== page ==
“Gone were the grand dreams of remaking Social Security, immigration law, or the tax code,” said Peter Baker in The Washington Post. Gone, too, was the belligerent rhetoric about the “Axis of Evil,” and the calls to spread freedom and democracy around the globe. “For a president who has always favored boldness,” George W. Bush’s final State of the Union address this week was modest indeed; mainly, it was an attempt to shore up his past initiatives, such as the troop surge in Iraq, his tax cuts, and the No Child Left Behind education program. This Bush was grayer and less cocky than the one who first addressed the nation in 2001, said Doyle McManus in the Los Angeles Times. Clearly, he’s been chastened by his seven tumultuous years in office and 31 percent approval rating. He acknowledged that there was much “unfinished business” in his domestic agenda, including Social Security and Medicare reform, illegal immigration, and an economic expansion that is now headed for a crash landing. Still, Bush spoke proudly of how the troop surge had “achieved results few of us could have imagined just one year ago.” With barely a year left, the president is now engaged in “a short-term scramble for a long-term legacy.”

That legacy, unfortunately, will be dominated by Iraq, said The Philadelphia Inquirer in an editorial. Bush has spent more than $440 billion and nearly all of his political capital on that “misguided war.” Clearly, “the war has sucked all the time, energy, and money out of the room” and seriously crippled Bush’s domestic agenda. “His past pledge to create more access to health insurance? Forgotten.” Environmental protection? Bush mentioned it once. There’s almost no time left for him to accomplish anything of note. Face it, said the Chicago Tribune. Bush is “a lame duck skirting the edges of relevance.”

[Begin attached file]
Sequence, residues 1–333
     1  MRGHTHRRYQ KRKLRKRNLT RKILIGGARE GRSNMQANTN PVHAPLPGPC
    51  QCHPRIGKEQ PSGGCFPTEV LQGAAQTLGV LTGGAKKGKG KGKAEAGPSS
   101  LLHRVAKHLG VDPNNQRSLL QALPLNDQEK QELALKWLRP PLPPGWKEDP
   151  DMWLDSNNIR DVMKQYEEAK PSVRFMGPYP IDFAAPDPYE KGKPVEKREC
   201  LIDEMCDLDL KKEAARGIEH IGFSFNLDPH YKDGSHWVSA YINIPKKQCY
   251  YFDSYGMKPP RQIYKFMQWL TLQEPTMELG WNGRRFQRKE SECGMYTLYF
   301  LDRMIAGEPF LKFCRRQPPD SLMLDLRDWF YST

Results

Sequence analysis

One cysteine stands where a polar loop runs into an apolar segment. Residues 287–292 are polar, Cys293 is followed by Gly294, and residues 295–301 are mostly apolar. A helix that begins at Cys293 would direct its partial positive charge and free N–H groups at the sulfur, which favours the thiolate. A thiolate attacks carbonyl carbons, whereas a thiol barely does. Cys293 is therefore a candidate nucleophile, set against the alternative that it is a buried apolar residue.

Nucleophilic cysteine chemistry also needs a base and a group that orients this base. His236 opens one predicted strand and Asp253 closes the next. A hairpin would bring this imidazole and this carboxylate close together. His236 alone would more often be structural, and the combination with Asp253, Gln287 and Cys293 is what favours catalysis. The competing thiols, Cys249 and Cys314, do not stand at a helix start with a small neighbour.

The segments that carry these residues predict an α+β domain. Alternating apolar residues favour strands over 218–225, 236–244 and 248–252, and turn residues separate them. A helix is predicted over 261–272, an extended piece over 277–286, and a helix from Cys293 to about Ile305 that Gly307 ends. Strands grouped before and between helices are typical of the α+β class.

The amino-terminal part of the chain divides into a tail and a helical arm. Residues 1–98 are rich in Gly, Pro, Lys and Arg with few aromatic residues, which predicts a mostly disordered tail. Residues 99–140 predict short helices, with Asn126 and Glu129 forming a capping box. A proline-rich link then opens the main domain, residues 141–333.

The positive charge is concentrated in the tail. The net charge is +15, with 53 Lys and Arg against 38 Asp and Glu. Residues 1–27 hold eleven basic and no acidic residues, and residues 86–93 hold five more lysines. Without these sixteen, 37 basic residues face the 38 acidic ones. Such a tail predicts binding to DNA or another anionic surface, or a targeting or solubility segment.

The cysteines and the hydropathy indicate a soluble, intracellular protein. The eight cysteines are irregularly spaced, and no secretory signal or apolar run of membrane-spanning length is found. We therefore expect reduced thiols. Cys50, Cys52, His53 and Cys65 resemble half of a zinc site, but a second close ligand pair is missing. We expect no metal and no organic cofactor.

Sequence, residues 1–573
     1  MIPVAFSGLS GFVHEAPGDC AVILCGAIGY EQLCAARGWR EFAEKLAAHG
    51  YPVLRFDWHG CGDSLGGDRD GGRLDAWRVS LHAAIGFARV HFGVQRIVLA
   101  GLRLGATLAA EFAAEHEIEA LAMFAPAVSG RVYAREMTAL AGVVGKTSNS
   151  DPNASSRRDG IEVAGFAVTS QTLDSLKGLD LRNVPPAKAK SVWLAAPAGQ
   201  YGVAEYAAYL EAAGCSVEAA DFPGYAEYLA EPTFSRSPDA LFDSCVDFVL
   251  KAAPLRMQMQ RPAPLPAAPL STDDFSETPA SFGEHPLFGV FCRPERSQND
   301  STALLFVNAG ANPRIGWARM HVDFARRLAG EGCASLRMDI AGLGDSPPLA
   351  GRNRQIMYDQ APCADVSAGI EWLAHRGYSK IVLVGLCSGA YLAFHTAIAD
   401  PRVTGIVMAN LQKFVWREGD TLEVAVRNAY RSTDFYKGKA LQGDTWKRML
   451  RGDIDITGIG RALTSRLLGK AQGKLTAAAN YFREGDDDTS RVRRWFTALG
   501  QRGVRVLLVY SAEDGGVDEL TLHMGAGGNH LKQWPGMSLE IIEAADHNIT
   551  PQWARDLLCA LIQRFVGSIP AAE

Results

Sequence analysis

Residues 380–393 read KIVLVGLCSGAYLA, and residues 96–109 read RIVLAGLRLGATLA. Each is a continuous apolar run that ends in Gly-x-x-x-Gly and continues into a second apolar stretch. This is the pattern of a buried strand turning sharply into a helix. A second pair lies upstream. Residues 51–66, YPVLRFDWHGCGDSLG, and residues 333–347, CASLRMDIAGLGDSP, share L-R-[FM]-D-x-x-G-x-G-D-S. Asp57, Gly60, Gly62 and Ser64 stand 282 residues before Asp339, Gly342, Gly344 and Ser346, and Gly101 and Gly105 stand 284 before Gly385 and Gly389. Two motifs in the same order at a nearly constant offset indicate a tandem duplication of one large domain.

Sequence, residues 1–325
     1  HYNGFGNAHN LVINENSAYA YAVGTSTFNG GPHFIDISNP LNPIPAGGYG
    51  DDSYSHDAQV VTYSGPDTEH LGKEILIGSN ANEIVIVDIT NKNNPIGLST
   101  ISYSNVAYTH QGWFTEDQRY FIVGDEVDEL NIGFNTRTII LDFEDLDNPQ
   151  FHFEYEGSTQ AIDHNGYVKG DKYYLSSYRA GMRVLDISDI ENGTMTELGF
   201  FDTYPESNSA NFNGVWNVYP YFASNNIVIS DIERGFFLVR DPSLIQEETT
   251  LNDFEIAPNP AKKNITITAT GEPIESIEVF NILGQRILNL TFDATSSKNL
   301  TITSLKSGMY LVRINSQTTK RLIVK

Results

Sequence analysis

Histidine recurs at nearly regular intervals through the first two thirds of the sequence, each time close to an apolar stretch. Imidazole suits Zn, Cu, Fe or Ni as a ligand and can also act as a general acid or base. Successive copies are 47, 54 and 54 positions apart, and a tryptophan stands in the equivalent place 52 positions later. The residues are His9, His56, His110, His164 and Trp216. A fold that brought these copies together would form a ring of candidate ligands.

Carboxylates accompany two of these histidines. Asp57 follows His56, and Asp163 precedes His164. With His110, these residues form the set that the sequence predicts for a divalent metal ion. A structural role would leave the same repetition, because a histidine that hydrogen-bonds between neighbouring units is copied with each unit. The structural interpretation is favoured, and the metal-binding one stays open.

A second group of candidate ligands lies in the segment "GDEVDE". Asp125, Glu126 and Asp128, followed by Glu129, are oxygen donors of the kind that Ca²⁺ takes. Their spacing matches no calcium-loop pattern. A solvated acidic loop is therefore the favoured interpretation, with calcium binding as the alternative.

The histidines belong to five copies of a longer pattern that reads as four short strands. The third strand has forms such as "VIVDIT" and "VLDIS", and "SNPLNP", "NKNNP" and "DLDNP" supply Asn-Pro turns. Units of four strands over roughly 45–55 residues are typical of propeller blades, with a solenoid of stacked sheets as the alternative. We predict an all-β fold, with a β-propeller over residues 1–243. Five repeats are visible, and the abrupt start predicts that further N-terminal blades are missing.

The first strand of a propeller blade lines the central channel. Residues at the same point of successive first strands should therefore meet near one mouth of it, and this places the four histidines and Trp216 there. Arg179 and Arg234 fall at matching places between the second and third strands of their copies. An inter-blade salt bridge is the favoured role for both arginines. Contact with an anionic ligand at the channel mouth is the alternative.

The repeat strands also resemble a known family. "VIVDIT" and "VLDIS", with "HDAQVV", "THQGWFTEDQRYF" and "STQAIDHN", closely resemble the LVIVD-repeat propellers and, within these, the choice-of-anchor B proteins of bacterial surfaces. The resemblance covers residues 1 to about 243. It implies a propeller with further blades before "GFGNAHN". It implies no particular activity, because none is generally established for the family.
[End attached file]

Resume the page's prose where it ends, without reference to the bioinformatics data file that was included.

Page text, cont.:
In listening to Bush’s speech, said Peter Canellos in The Boston Globe, it’s hard not to think about the presidency “that might have been.” When Bush spoke hopefully of bipartisan compromise on energy conservation, climate change, and economic security, he reminded us that in 2000 he promised to be a “different kind of Republican.” It’s hard to believe today, said Jacob Weisberg in The New York Times, but in his 2002 State of the Union, Bush proposed doubling the size of the Peace Corps, and called on Americans to commit two years to community service. Whatever happened to that George W. Bush? He became obsessed with Iraq, rendering the Compassionate Conservative a “largely fictional” character.

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Not true, said Michael Gerson in The Washington Post. If you look at the record, Bush really did deliver on compassionate conservatism. Many of his big initiatives—No Child Left Behind, $30 billion over five years to combat AIDS, the Medicare prescription drug benefit—“simply would not have come from a traditional conservative politician.” Liberals give Bush no credit for these programs, simply because they despise the man for his foreign policy. “Iraq may have overshadowed these achievements; it does not eliminate them.”

Politically, though, Bush’s presidency has been “a disaster,” said Lou Cannon and Carl M. Cannon, also in the Post. His administration’s management of the war in Iraq and the Hurricane Katrina disaster were fiascoes, and he’s left the Republican Party fractured and demoralized. But it takes the perspective of decades to judge a presidency; Harry Truman, remember, left office with the lowest approval ratings in history, and now is widely admired. As Bush begins his last year in office, “who knows how the story will end?”

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